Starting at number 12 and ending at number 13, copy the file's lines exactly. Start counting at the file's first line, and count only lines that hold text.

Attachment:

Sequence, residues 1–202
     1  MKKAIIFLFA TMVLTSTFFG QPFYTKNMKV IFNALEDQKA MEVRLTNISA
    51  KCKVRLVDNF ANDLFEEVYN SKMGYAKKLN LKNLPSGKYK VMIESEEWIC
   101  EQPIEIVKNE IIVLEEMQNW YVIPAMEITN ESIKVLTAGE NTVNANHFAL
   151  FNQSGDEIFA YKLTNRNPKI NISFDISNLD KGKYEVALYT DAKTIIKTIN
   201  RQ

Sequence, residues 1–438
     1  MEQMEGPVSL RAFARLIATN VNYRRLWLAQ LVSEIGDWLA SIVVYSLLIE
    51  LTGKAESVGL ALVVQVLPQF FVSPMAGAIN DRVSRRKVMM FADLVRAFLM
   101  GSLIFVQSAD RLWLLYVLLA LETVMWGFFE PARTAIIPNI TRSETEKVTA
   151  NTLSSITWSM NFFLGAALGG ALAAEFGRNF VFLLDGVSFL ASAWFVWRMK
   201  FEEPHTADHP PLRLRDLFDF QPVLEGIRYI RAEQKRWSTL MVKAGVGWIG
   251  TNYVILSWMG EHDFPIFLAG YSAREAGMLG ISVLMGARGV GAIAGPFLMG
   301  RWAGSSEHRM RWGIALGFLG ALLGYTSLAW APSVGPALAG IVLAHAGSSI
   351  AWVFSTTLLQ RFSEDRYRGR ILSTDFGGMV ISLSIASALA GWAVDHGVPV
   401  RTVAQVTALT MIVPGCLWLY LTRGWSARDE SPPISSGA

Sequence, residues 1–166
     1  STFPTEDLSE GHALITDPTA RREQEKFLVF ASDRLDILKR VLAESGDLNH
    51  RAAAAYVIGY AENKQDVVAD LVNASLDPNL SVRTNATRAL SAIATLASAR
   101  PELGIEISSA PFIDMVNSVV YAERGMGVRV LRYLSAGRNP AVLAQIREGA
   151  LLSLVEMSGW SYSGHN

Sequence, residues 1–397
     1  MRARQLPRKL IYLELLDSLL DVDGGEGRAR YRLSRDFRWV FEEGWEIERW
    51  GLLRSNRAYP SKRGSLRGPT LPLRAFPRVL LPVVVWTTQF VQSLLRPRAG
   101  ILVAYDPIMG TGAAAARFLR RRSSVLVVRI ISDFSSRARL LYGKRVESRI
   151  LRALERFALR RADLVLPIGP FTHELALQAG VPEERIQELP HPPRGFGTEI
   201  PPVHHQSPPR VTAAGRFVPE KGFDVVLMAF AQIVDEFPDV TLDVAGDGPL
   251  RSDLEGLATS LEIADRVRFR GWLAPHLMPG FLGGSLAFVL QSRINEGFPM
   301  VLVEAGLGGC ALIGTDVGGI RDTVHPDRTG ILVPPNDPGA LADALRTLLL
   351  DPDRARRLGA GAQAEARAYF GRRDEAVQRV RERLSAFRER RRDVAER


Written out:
   201  FEEPHTADHP PLRLRDLFDF QPVLEGIRYI RAEQKRWSTL MVKAGVGWIG
   251  TNYVILSWMG EHDFPIFLAG YSAREAGMLG ISVLMGARGV GAIAGPFLMG